I've been using WebSite-Watcher for quite a while now, registering through one of the DC Discounts
I like it and use it a great deal. Like Mouser, I have quite a few web pages set up. Many of them are checked daily. If, for example, you wanted to watch the online inventories of camera shops for particular items, you can be alerted when anything new appears. You can set particular keywords, just as in some RSS readers, so you could check if a new version of a program is available by checking for the version number on its web page.
I've only scratched the surface of WSW. One day I might aspire to something advanced, like using WSW to log in to my account at the county library and finding out if any of my reservations are ready to pick up. The account is password-protected, and WSW can do the login automatically. Or, you could use WSW to check low-traffic newsgroups .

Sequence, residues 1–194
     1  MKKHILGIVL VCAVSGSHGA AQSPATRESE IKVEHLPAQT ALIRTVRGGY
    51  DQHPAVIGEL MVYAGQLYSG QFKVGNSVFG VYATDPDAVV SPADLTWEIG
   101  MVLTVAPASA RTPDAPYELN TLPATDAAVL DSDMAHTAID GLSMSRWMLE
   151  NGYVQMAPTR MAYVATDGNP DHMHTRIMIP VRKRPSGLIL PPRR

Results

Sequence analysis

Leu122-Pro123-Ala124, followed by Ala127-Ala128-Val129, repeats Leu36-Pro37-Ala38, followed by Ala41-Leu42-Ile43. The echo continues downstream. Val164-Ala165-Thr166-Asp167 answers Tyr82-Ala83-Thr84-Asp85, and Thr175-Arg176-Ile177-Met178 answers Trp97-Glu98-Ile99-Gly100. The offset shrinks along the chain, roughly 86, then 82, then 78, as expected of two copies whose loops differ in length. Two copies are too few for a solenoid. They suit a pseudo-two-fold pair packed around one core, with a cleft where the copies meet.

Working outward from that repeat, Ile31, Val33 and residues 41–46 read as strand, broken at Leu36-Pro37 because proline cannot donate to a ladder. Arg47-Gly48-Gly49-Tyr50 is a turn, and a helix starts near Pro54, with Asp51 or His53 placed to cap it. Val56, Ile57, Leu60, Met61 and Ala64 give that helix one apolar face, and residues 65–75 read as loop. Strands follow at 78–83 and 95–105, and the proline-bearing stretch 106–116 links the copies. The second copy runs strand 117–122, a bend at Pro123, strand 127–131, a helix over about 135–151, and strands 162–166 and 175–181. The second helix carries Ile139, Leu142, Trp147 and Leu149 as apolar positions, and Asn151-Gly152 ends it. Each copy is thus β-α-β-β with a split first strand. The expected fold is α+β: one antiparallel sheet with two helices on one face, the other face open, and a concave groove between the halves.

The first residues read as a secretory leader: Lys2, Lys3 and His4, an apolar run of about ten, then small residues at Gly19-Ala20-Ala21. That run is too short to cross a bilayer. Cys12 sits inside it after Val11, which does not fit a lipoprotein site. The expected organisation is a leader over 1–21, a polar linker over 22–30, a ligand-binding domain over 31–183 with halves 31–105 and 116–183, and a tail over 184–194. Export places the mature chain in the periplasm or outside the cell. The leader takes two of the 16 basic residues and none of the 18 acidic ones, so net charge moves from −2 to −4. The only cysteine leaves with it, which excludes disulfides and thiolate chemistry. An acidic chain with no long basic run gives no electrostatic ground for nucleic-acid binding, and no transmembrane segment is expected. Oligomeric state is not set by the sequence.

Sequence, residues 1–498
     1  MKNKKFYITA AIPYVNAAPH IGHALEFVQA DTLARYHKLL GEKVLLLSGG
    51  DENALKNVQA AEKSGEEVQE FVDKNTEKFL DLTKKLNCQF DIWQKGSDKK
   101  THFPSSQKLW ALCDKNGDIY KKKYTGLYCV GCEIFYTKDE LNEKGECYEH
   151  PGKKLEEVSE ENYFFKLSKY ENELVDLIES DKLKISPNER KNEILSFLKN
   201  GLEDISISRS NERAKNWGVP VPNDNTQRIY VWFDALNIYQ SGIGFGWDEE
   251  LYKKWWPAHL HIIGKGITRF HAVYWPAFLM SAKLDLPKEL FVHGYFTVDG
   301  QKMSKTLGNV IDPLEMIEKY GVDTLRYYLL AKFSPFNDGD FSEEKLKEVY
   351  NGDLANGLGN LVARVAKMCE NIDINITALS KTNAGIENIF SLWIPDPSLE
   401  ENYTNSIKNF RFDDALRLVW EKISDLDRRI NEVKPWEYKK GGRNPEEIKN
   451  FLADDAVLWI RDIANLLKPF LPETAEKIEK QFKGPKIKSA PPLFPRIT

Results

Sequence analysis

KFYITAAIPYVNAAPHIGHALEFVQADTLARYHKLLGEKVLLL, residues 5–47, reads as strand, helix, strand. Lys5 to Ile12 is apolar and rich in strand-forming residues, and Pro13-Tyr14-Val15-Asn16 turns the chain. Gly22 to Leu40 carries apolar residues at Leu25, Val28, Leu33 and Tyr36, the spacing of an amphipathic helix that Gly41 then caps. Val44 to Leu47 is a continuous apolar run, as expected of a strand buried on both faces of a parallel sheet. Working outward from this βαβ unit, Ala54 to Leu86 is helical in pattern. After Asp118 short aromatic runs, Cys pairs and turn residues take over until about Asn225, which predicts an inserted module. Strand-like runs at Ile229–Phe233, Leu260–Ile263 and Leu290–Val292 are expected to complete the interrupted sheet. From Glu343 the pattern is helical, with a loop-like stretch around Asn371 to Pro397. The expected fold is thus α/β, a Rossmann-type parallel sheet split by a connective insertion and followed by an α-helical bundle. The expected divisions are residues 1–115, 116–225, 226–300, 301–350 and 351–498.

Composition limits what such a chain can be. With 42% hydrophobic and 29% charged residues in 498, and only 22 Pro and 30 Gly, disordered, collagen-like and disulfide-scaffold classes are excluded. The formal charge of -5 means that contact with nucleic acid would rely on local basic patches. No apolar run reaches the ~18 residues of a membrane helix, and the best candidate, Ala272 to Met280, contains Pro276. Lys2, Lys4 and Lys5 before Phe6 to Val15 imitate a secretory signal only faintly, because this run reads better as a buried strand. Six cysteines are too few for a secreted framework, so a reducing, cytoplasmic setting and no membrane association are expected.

At work I use it for competitors and customers web sites. It checks the first time and says "OK;" a week later, or whenever, I run it again, it shows which sites have changed, and what the changes are. They're highlighted to make them obvious. That's a good way to spot new press releases and new products as soon as possible. It keeps the before and after pages, too, so you have them on file until the next time you check.
Perhaps the key point for you is to realise that it works on pages that don't
have RSS feeds, and in fact that seems to be most of the web. I've only just started to look into RSS (with GreatNews) and so far, compared with WSW (which you can also use as an RSS aggregator, though I haven't) I'm not sure I know what the fuss is about
However, RSS is probably better suited to fast-changing and public things like blogs.